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FLEXO Magazine : May 2012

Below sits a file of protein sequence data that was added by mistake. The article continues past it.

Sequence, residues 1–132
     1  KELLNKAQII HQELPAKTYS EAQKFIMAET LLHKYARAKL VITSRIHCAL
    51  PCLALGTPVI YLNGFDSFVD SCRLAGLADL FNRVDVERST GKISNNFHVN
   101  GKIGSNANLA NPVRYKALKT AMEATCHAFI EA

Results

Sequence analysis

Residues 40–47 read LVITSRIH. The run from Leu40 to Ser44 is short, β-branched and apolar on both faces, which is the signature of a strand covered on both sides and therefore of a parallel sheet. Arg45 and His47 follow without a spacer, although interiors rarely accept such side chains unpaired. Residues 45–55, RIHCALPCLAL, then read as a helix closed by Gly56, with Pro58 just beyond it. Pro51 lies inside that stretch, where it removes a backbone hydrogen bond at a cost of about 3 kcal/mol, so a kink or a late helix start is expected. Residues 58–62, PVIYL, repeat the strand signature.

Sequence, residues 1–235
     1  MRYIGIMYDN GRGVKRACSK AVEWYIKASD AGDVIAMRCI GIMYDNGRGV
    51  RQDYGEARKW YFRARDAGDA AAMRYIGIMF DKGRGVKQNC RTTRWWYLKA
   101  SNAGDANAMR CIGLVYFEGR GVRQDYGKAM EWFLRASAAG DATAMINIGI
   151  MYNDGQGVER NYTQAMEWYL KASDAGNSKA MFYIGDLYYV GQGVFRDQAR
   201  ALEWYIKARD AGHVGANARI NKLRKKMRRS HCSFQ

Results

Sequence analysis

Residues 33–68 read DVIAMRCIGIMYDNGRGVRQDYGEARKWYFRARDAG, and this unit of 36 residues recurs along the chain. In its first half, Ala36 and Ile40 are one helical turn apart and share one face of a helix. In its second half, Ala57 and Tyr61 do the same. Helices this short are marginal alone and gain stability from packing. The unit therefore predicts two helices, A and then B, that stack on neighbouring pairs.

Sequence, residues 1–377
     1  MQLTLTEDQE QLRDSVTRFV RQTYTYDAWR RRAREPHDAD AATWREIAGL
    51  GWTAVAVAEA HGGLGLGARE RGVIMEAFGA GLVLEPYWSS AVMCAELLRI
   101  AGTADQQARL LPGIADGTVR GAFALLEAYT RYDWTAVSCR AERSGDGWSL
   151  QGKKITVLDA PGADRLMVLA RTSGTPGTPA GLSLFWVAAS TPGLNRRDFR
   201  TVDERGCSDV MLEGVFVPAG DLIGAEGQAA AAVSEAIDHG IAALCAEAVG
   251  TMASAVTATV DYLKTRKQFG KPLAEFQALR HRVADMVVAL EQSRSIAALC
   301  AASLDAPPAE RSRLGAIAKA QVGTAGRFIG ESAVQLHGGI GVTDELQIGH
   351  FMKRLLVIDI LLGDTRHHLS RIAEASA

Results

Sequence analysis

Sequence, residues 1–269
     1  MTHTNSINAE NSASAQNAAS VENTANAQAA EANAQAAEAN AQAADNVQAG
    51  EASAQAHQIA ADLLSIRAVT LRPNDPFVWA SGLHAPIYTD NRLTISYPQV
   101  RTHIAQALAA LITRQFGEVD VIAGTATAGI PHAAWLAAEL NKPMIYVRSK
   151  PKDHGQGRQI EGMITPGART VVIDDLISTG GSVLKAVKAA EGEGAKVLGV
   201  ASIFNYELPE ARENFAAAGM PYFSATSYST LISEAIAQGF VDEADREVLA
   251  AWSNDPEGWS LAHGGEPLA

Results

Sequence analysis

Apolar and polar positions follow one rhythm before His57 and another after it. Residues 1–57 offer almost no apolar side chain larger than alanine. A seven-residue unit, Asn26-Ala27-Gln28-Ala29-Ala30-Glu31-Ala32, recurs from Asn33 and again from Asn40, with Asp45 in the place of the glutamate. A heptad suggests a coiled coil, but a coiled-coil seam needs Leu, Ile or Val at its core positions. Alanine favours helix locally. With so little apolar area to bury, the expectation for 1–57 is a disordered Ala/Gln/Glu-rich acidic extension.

Plants & Processes Consistency & Precision spot color reproduction starts in the Inkroom By rick rosenberger Just how accurate is it to produce a drawdown? This blending of ink bases and matching of colors away from press is imperative if time is to be saved. While many de- vices have been created to provide a consistent drawdown, the most basic is the mechanically engraved hand proofer. Testing suggests that the popular mechanically engraved anilox hand proofer, and even a bladed ceramic hand proofer, cannot suf- ficiently duplicate the anilox roll on press. In other words, a 440- cell count with a volume of five does not necessarily correlate to the same cell count volume on the press. Generally speaking, a drawdown is most likely equivalent to a volume of seven—no matter what kind of proofing method you are using. Don’t believe it? Simply have the inkroom draw down the same color with as many different hand proofers as are available. Each looks the same, from a volume of two all the way to a volume of seven. Many printers force inkrooms to provide dark ink, regardless of what the anilox volume is in an effort to extend ink back to the proper strength. But, this method does not always work. Many times, ink on press can remain even after numerous attempts to strengthen the tone. After being informed that the ink is weak, the inkroom takes a wet sample, draws it down and exclaims that the ink is many times too strong. This incurs numerous costs. Multiply that cost by the amount of times this problem happens and there is a serious amount of money being wasted. But, thankfully, all is not lost. There is a way to get ink right the first time and save thousands of dollars in wasted sub- strate and press time. The key to reliable spot color reproduction is a consistent and repeatable ink to press as compared to a standard; not ink designed to be lightened on press once you see what it looks like. Make the appropriate change to the ink before it goes to press, based on the banded roll test results, which will be expanded upon in this article. In other words, consistency to a standard means measur- ing to a standard and understanding the variables involved, which there are only a few of. One approach is a standard database of colors that have been measured with a spectro- photometer and recorded as ∆e. Another, and the most basic, is clean color standards in a cabinet. Today, the most efficient spot color technique is to compile a database of LabCH values for each color. Following this method will avoid bothering with faded colors. It is preferable to have software that manages the database but it can also be done manually utilizing an Excel spreadsheet. Whenever ink is mixed or blended, it should be drawn down by hand or with a device designed to give as consistent a draw as possible. One example is Parmarco’s precision proofer. It pro- vides excellent results but there are many products available that offer the same scores. What must be considered is the amount of drawdowns needed and how long it takes to clean up between colors. TOLERANCE Once the proper tools have been procured to create a drawdown, the next step is choosing a tolerance. A tolerance is the allowed deviation from the set upon standard color database. There is no industry standard for this kind of devia- tion. It is not in the Flexographic Image Reproduction Specifi- cations and Tolerances (FIRST) manual. Deviation needs to be worked out based on ability. A ∆e of 1.5 or better to the standard is a good starting point. But, while getting closer to ∆e 1.0 is possible, the tighter the tolerance, the more expensive and difficult it will be. It is DEMAND DEPENDABLE COLOR • An engraved anilox hand proofer or a bladed ce- ramic hand proofer cannot sufficiently duplicate the anilox roll on press • No matter what kind of proofing method you are using, the drawdown is most likely equivalent to a volume of seven • There is a way to get ink right the first time and save thousands of dollars in wasted substrate and press time • The key to reliable spot color reproduction is a con- sistent and repeatable draw down as compared to a standard • The most efficient spot color technique is to compile a database of LabCH values for each color 58 FLEXO may 2012 www.flexography.org